Green Day Brings Classic Rock Feel To U.S. Airways Show

Categories: Concert Review
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Luke Holwerda
Green Day's Billie Joe Armstrong on stage at U.S. Airways Center in Phoenix. See more shots in our Green Day slide show.
​Depending on who you ask, there's something either:

a) vaguely

or

b) obviously and irredeemably

pathetic about a 37-year-old man in skinny black jeans. So, yes, Green Day singer Billie Joe Armstrong immediately looked a little silly strutting on stage at U.S. Airways Center as the piano-driven opening of "21st Century Breakdown," the title track to his band's latest record, played over the PA. It's forgivable though, when a band which I've argued made the last truly monumental rock album we'll ever hear delivers a stellar show. Green Day certainly delighted the near capacity Phoenix crowd, but the bloated six-man version of the Berkeley band we saw for much of the two-plus hour concert struck me as oddly similar to what you'll see at a Lynyrd Skynyrd show these days, where a lone original member playing rhythm guitar is the only thing standing between the "genuine" article and a tribute band with intellectual property rights.

Not that Green Day's show was bad. I can't say for sure that Green Day are the only truly great DIY scene punk act to successfully transform themselves into respected classic rockers, though they've got to be on a short list. But to say the band we saw -- setting off enough pyrotechnics to shame Ted Nugent, shooting a spirit squad style t-shirt launcher and making at least 30 pandering mentions to "Phoenix, Arizona" -- bears any resemblance to the one that played 924 Gilman Street nearly two decades ago, or even to the band that broke through in 1994, would be ridiculous. Green Day is now Poison, if Poison had more than four good songs.*

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Luke Holwerda
Green Day at U.S. Airways. See more shots in our Green Day slide show.

​Hitting stage around 9 p.m., Billie, bassist Mike Dirnt and drummer Tre Cool had three other guys playing with them, doubling the size of the original trio. The fattened version of the band had a full sound, but brilliant bassist Mike Dirnt's contributions were totally buried for the first hour of the show. Even with all the help, Billie Joe chose to yell "Phoenix, Arizona" at least five times during the first song, probably trying to generate the sort of energy you'd have seen from the band at their peak. It only partially worked. By the second song, I was squeezing out of the way so my rowmates could get beer. By "Know Your Enemy" Billie Joe had played the "watch me walk out in to the crowd" card and the "I said hey-ooooo" sing-along card. Things continued that direction, and before the encore, we had a medley of Doors, Jackson 5, and Patti Smith songs during a breakdown in "King For A Day."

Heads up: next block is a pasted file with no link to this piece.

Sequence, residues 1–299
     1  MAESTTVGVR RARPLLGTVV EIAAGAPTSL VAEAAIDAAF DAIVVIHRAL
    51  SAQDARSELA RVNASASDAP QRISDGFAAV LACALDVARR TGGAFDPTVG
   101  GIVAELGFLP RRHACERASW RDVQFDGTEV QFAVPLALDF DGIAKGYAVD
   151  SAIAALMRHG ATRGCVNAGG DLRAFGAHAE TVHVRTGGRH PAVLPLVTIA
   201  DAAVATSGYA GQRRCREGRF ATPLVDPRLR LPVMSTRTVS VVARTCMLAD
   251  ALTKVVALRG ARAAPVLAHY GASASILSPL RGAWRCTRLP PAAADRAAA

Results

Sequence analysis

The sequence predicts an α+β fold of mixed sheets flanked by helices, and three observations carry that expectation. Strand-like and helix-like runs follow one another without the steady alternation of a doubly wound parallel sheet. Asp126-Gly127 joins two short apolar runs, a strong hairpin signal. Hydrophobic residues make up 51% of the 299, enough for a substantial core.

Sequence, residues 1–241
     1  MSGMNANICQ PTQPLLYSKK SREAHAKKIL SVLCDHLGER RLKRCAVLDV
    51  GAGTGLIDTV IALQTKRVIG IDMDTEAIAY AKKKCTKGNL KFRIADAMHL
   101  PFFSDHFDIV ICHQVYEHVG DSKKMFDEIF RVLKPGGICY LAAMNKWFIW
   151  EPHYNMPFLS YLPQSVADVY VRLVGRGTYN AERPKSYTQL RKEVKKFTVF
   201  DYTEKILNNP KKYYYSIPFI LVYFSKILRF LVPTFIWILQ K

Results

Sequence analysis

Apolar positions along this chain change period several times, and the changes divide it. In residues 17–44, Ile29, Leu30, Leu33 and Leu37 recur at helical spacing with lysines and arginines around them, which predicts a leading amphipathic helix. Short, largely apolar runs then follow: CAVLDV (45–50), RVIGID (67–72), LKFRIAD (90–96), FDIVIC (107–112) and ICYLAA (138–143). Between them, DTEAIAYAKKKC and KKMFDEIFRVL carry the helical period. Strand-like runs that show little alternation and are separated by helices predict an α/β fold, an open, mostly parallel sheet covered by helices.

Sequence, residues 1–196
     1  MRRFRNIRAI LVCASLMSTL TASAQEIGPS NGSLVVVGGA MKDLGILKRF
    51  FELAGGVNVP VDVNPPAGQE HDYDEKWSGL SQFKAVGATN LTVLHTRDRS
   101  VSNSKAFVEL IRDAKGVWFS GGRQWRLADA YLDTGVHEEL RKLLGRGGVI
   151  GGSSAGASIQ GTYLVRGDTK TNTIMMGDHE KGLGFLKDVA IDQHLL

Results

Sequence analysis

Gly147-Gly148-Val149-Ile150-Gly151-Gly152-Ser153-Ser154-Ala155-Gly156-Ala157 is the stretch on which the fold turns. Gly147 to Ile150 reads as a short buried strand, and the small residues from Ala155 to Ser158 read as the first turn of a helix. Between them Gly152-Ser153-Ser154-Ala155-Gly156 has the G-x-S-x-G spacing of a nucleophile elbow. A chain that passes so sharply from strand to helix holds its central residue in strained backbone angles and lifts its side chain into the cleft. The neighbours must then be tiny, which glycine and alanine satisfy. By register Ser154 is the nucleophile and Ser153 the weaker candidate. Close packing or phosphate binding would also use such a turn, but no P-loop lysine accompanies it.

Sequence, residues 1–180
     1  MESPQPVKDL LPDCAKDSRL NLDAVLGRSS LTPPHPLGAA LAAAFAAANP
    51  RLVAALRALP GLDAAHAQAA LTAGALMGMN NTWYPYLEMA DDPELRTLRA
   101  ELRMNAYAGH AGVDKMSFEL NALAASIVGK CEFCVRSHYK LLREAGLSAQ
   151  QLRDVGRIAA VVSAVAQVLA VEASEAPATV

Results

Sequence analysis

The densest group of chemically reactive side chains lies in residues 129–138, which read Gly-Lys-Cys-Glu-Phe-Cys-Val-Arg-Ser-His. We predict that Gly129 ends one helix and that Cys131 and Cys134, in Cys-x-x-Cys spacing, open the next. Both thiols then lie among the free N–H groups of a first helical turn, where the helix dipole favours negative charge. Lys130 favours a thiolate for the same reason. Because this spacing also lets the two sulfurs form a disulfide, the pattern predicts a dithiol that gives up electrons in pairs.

Staying close to their newest record for the first hour of the show, the band sounded solid but out of their element. I know the rest of the world loves the band's Bush-bashing (which, yes, I'm sick of in general) but at a certain point I grew weary of hearing a high school dropout with millions of dollars in the bank lecture me about politics. Give me the meth-fueled paranoia of the Insomniac era any day, especially if I can actually hear Mike Dirnt's always amazing bass lines.

For example, backup guitarist Jason White's noodling on "2,000 Light Years Away" -- one of the rare pre-Dookie tracks still in the band's set list -- spoiled the song. True, White has been with the band for a decade now, so this probably wasn't all that new, but since I first saw the band in 1994, and most recently saw them in 1996, it was new to me.

What's more, working their way through the new stuff ("Static Age," was the highlight) the band seemed content to let fans and the hired help do most of the work. Armstrong couldn't even play the simple acoustic chords to the opening verse of "Boulevard of Broken Dreams" which a man servant strummed out while Billie Joe saved himself for the onerous task of playing rhythm guitar on the refrain. Much like that terrible Weezer show at last year's Arizona State Fair, the band made Herculean efforts to get fans on stage, a gimmick which, admittedly, seems to entertain lots of folks but generally leaves me cold. An overweight teenage girl sung the first two verses to "Longview," hamming it up while Billie barely managed to muscle his way in for the chorus. A less stylish Adam Lambart stand-in filled in for the third verse. Thankfully, Billie did "Basket Case" on his own immediately after.

Things started picking up with "Hitchin' a Ride," the first Nimrod single, a song that revived the bands' career enough to keep it salvageable for when American Idiot hit seven years later. "Welcome to Paradise," was ushered in with the sort of pyrotechnics that suggest C.C. DeVille might be a resident of Paradise, while "When I Come Around," was admirably unadorned.



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